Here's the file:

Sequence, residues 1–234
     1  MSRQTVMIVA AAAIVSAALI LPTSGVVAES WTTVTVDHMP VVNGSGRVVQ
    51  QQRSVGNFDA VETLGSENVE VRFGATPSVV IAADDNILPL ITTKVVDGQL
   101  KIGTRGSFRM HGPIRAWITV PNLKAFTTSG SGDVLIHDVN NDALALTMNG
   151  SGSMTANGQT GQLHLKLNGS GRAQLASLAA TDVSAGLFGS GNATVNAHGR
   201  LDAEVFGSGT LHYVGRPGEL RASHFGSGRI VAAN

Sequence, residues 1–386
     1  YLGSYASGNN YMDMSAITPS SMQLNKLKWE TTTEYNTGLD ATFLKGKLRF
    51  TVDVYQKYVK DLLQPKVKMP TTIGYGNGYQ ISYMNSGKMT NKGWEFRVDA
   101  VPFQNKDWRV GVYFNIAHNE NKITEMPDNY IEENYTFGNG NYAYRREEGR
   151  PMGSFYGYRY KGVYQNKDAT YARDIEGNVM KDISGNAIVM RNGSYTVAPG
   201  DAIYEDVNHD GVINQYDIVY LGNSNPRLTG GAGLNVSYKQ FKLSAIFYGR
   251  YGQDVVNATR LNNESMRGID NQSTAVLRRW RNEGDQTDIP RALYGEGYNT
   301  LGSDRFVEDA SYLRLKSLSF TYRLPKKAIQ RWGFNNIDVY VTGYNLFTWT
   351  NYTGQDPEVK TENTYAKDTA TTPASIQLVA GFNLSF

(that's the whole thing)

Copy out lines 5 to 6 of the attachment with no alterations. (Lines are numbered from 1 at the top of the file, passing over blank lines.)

   151  SGSMTANGQT GQLHLKLNGS GRAQLASLAA TDVSAGLFGS GNATVNAHGR
   201  LDAEVFGSGT LHYVGRPGEL RASHFGSGRI VAAN